Koum and Acton ignored conventional wisdom. Rather than target users with ads, an approach they had grown to dislike during their time at Yahoo, they chose the opposite tack and charged a dollar for a product that is based on knowing as little about you as possible.

WhatsApp does not collect personal information like your name, gender, address, or age. Registration is authenticated using a phone number, a significant innovation that eliminates the frustration of remembering a username and password. Once delivered, messages are deleted from WhatsApp’s servers.

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It’s a decidedly contrarian approach shaped by Jan’s experience growing up in a communist country with a secret police. Jan’s childhood made him appreciate communication that was not bugged or taped.

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When he arrived in the U.S. as a 16-year-old immigrant living on food stamps, he had the extra incentive of wanting to stay in touch with his family in Russia and the Ukraine. All of this was top of mind for Jan when, after years of working together with his mentor Brian at Yahoo, he began to build WhatsApp.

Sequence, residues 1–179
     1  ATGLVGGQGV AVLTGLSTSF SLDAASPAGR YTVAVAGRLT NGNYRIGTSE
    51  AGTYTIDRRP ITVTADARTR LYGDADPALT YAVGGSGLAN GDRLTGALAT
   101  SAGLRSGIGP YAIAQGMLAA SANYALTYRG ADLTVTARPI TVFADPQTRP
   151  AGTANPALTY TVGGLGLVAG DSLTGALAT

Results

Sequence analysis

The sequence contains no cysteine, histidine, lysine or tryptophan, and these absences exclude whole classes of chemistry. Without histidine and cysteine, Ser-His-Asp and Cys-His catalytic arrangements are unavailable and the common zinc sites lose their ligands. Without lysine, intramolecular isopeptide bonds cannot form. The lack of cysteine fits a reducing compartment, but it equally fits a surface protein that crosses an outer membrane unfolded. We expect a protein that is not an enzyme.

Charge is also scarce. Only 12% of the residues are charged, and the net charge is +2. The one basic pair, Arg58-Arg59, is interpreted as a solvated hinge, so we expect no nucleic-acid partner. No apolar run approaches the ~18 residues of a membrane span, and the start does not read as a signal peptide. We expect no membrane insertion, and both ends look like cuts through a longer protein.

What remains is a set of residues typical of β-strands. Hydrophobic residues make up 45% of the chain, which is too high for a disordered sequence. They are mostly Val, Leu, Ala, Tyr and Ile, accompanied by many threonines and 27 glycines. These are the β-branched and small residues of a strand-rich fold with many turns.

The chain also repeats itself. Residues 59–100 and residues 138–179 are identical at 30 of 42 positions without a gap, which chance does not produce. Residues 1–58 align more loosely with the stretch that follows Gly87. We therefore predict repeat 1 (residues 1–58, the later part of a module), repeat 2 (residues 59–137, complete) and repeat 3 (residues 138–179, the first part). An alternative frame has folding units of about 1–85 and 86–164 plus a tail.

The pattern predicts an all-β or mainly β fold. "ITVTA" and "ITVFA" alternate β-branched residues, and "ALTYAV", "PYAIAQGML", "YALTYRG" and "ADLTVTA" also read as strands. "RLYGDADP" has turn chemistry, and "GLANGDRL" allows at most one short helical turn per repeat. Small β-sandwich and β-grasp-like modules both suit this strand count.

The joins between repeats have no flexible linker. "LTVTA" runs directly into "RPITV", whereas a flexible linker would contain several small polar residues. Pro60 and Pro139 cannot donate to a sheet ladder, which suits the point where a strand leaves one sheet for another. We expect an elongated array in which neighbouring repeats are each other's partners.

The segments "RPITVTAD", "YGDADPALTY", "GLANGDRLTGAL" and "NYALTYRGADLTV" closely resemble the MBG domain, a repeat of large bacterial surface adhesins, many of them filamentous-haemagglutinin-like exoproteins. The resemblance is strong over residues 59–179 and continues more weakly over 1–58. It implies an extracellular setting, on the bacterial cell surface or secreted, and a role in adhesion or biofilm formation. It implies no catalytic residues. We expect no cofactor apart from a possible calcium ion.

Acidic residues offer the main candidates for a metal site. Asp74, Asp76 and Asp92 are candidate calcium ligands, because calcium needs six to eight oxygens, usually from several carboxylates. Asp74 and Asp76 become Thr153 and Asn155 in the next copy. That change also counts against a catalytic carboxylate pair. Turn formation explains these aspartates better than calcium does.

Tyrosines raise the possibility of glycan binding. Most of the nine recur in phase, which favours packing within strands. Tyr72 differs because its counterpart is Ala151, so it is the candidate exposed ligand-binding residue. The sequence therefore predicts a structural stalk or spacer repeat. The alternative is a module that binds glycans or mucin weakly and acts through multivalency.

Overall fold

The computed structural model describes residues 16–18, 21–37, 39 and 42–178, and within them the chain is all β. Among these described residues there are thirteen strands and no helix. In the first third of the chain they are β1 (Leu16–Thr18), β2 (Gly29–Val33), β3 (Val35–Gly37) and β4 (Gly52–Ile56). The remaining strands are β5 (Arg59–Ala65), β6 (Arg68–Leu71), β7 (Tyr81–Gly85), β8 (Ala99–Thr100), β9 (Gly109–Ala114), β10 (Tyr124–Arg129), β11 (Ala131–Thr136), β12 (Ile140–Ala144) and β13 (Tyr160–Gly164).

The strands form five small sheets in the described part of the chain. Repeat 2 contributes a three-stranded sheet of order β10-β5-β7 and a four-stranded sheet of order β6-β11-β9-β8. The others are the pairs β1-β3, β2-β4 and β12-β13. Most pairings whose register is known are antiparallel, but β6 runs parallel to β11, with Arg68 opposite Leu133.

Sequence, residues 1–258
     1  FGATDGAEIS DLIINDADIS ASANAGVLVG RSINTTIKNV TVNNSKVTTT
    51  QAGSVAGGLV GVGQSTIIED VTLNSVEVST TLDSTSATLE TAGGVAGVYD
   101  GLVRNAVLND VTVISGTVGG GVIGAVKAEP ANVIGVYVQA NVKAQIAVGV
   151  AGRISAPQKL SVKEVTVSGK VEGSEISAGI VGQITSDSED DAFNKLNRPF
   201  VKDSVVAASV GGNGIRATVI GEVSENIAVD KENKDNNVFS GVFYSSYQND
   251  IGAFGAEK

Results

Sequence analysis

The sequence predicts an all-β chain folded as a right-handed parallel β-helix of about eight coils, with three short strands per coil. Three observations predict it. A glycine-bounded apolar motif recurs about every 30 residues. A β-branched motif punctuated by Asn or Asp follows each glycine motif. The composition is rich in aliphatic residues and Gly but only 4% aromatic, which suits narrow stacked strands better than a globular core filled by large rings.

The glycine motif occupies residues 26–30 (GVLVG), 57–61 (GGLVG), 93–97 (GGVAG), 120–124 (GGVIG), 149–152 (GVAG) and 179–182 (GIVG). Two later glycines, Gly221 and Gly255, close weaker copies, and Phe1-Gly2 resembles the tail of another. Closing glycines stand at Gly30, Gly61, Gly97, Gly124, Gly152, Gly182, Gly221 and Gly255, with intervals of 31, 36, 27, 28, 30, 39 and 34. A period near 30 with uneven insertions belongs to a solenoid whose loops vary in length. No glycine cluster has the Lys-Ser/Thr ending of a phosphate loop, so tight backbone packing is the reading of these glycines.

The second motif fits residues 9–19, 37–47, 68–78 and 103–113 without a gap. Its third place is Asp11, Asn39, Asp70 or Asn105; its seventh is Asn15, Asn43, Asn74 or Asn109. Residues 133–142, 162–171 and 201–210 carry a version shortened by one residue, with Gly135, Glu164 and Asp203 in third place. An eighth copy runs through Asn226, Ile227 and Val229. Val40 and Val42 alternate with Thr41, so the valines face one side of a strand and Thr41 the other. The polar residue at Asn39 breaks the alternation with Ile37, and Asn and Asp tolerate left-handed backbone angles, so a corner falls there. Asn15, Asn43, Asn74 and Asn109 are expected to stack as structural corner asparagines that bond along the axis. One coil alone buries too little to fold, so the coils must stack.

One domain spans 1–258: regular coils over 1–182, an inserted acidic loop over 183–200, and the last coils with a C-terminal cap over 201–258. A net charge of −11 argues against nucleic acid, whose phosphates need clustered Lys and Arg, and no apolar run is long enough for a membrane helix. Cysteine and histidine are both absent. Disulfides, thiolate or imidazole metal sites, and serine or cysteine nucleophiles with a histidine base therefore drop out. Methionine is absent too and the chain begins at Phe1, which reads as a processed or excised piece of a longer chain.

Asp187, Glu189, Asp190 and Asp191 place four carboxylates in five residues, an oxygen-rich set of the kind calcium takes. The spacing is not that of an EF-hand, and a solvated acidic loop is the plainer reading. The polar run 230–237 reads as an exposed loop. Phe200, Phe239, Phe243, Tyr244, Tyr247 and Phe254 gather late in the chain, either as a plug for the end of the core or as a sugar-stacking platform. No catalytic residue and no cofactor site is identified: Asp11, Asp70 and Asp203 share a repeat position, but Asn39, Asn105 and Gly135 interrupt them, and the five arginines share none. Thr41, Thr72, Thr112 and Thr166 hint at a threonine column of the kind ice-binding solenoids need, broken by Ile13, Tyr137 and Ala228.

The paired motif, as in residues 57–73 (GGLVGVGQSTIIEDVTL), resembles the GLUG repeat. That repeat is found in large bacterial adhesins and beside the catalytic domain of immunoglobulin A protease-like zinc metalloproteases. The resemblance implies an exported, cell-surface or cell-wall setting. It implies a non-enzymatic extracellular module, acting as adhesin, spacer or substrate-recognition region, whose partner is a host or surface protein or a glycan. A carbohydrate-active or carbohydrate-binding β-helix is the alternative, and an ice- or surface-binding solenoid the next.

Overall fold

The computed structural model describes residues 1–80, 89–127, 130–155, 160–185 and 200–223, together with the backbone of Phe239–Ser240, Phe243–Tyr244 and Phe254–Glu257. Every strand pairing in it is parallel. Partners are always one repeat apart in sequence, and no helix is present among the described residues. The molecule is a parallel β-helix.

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The success didn't change Koum or Acton. When a journalist visited the company's headquarters in July 2012, the Ukranian Koum was barefoot and Acton was sporting flip-flops.

The two were also described as somewhat obsessive about maintaining their privacy and needed some cajoling to pose for a picture. When WhatsApp won an award at the Mobile World Congress in Barcelona that year, Kuom sent a marketing exec in his place. "I was at a meeting," he explained.

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Now that WhatsApp has netted a much bigger prize, don't expect Koum or Acton — both of whom are around 40 — to bask in the limelight. And whatever you do, don't call Koum the e-word.

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As he tweeted back in May 2012, "next person to call me an entrepreneur is getting punched in the face by my bodyguard. Seriously."

mashable.com

Here's an infographic that shows WhatsApp's user growth compared to Facebook and others:

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And here's WhatsApp's key statistics: